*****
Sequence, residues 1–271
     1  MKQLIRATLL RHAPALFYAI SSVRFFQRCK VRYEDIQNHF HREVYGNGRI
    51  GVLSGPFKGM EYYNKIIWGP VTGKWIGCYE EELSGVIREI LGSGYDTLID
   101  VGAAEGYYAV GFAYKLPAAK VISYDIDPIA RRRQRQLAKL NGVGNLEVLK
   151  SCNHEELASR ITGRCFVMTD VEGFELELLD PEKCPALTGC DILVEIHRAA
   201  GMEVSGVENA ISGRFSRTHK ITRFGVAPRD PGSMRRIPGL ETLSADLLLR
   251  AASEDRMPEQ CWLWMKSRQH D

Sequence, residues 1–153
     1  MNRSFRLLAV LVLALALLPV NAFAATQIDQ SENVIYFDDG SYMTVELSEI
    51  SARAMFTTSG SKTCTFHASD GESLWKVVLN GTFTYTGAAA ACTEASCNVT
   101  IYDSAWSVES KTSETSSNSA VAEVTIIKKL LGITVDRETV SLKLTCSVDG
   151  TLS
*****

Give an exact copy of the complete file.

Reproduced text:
Sequence, residues 1–271
     1  MKQLIRATLL RHAPALFYAI SSVRFFQRCK VRYEDIQNHF HREVYGNGRI
    51  GVLSGPFKGM EYYNKIIWGP VTGKWIGCYE EELSGVIREI LGSGYDTLID
   101  VGAAEGYYAV GFAYKLPAAK VISYDIDPIA RRRQRQLAKL NGVGNLEVLK
   151  SCNHEELASR ITGRCFVMTD VEGFELELLD PEKCPALTGC DILVEIHRAA
   201  GMEVSGVENA ISGRFSRTHK ITRFGVAPRD PGSMRRIPGL ETLSADLLLR
   251  AASEDRMPEQ CWLWMKSRQH D

Sequence, residues 1–153
     1  MNRSFRLLAV LVLALALLPV NAFAATQIDQ SENVIYFDDG SYMTVELSEI
    51  SARAMFTTSG SKTCTFHASD GESLWKVVLN GTFTYTGAAA ACTEASCNVT
   101  IYDSAWSVES KTSETSSNSA VAEVTIIKKL LGITVDRETV SLKLTCSVDG
   151  TLS